How To Take Advantage Of Low Fixed Interest Rates

The recent events have surged a desire for security in all walks of life. The impacts of COVID-19 on our own health, our family’s health, the economy and global stability require us to think about our future and where we want to be, especially financially. With the dramatic drop in fixed rates due to the current economic climate, taking advantage of low fixed interest rates for your home loan could help with being money-wise with your finances. However, despite its advantages, there are also potential downsides to look out for.

Here’s what you need to know and how to mitigate potential.

Where do fixed and variable rates differ?

In March 2020, RBA slashed the cash rate twice resulting in a historically low rate of 0.25 percent. Typically, this would have resulted in variable-rate decreases, however, the big four banks (and the majority of lenders) decided to reduce the fixed-rate mortgage instead.

According to an estimation conducted by ANZ, the average three-year fixed rate has nearly halved from 4.1 percent to 2.1 percent in the past two years. Meanwhile, Canstar, a fee and rates monitor, reported an average variable rate of 3.26 percent. When comparing these figures, fixing in your home loan provides an exciting opportunity for homeowners.

Fixed rates provide homeowners with security i.e. through the number of repayments and safeguarding against potential fee hikes in the future. However, while fixed rates provide the benefit of certainty, it also provides homeowners with a few potential drawbacks.

Drawbacks:

  • By locking in the rate, lenders lock in the homeowner

Fixed-rate loans guarantee margins for the lender over a period of time. The ideal scenario for any borrower is to take advantage of the offering without giving up anything. However, if you wish to upgrade or downsize your home within the specified period, you’re still locked into that contract. An important consideration to make during the process of choosing a rate is to ensure you select the rate and the fixed-rate period that best suits you.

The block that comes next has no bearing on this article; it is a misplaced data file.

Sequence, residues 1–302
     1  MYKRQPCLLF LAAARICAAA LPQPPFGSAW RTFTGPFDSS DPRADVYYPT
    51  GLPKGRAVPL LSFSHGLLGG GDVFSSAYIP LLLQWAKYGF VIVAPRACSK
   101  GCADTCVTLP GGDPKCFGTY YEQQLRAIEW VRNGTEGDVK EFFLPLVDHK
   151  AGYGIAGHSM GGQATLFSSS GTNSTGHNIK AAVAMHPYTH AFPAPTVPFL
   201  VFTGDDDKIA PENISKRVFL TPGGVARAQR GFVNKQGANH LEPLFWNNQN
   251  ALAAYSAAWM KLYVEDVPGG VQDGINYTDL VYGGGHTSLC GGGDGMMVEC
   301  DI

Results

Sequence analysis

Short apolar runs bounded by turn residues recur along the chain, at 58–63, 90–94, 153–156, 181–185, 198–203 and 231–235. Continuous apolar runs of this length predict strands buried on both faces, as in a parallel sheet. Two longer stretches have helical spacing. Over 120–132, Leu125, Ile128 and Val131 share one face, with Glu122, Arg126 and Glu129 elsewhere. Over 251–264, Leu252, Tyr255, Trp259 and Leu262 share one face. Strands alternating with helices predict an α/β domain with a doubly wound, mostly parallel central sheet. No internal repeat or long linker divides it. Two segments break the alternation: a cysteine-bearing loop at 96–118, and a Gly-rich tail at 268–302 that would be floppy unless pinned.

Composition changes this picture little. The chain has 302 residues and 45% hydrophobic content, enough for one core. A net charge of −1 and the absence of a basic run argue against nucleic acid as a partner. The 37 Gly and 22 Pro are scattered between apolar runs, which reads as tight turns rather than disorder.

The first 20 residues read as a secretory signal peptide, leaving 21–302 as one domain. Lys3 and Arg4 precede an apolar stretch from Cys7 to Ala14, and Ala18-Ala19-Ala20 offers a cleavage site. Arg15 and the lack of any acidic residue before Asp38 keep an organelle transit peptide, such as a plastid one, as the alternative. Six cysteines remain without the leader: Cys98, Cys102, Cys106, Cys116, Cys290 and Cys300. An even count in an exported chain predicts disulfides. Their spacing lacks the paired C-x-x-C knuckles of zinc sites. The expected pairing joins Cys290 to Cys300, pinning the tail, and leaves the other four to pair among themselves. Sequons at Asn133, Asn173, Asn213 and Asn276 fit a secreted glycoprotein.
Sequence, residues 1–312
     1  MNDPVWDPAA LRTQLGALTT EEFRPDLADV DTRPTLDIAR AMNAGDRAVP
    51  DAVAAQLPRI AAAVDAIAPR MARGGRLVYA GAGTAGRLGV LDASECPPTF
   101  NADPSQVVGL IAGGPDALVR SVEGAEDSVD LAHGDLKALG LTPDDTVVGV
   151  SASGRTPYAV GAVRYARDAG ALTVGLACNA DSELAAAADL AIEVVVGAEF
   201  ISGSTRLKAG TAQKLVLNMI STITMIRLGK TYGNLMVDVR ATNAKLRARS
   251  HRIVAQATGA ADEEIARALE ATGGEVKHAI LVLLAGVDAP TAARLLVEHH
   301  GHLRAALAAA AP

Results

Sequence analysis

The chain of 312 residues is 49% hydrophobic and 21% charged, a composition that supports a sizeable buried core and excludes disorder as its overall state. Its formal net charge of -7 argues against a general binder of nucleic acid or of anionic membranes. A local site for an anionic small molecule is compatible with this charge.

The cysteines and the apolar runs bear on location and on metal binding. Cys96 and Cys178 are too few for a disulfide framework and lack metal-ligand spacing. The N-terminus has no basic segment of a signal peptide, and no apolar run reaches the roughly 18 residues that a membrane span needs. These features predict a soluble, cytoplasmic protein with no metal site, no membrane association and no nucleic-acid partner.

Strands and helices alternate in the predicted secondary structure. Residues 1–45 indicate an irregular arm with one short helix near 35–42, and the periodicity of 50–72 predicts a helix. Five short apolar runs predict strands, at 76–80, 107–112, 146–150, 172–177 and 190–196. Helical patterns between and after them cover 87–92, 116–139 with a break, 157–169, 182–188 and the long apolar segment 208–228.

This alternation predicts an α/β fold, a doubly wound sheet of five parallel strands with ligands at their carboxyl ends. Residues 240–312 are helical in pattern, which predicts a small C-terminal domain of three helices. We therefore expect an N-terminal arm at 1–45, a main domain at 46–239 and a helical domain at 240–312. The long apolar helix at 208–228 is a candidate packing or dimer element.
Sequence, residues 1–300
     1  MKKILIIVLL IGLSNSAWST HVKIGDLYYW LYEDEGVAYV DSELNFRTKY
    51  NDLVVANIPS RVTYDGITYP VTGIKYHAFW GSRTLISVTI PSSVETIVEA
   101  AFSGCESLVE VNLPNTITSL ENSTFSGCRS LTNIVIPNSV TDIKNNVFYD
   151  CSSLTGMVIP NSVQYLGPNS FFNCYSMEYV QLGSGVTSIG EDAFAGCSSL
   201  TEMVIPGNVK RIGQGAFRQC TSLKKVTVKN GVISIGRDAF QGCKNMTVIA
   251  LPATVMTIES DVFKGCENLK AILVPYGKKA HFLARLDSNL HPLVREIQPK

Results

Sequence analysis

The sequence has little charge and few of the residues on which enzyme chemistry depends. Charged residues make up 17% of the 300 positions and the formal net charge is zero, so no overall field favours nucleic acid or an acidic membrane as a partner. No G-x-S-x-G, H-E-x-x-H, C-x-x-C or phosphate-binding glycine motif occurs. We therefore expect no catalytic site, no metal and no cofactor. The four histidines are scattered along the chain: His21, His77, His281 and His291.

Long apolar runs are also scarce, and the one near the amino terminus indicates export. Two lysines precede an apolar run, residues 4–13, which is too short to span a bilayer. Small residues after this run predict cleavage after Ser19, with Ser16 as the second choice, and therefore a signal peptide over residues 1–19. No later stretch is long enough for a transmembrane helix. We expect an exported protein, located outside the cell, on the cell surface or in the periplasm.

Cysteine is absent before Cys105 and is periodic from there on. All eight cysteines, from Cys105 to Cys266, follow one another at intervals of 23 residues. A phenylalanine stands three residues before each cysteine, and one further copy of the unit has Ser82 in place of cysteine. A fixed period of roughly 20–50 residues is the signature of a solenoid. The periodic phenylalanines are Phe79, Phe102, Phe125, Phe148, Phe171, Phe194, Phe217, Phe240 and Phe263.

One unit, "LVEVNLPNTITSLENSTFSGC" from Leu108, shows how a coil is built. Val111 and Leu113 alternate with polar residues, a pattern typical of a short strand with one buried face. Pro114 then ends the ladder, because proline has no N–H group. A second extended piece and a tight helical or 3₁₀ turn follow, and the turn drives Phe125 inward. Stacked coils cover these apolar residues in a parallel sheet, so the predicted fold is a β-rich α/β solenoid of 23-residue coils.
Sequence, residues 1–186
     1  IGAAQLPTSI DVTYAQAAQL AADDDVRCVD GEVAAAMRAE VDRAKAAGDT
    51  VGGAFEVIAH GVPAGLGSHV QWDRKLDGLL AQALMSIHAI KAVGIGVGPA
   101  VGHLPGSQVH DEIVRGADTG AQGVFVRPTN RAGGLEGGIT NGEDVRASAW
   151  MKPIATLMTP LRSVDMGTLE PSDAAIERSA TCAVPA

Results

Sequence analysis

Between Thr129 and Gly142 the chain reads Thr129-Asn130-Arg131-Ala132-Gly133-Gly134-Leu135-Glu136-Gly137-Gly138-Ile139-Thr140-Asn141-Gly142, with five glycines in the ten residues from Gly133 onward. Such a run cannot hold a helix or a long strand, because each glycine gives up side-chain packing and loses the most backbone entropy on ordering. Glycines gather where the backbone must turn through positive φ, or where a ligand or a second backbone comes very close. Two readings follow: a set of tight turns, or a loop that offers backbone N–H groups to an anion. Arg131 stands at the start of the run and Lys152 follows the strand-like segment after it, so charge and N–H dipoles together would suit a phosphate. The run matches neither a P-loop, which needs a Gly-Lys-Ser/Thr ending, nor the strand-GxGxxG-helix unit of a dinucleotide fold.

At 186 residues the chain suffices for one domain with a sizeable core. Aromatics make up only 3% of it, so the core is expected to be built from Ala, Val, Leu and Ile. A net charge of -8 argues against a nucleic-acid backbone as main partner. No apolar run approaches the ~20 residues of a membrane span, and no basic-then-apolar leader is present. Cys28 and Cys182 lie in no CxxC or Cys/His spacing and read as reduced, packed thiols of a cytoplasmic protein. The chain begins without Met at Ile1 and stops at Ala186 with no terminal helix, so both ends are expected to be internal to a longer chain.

• ‘Fixed’ means a lack of flexibility

Paying a specified payment allows homeowners to budget well into the future and help shore up cash flow. However, a fixed rate restricts any redraws in the case of emergencies. Also, if you have benefited from extra cashflow and wish to pay off more than required you are likely to be penalised. ASIC’s MoneySmart advised that ‘break fees’ are likely to be higher the more interest rates come down.

Solution: Splitting your home loan rate

Whether it’s considerations like job security, redrawing fees or economic uncertainty that make you unsure about a fixed-rate term consider splitting a home loan into two accounts. This means you have a portion charged at a fixed rate and the remaining balance continues to be charged at a variable interest rate. This allows you to take advantage of the low rate whilst having the ability to redraw or pay off more than required.

By splitting your home loan, you can save hundreds off repayments when interest rates are low as well as partially protecting yourself from rate hikes. This process gives you security from interest rate fluctuations and flexibility of repayments if there are potential decreases in interest rates. Whilst most are split 50:50, there is the opportunity to vary this proportion depending on the risk you’d like to take. By splitting your home loan, you get the best of both worlds: rate security and the opportunity to save hundreds if rates decrease.

With many different options for home loans, researching and comparing is crucial to ensuring you get the best rate for you. If you have any questions about the above, get in contact with the team from Provide Finance.

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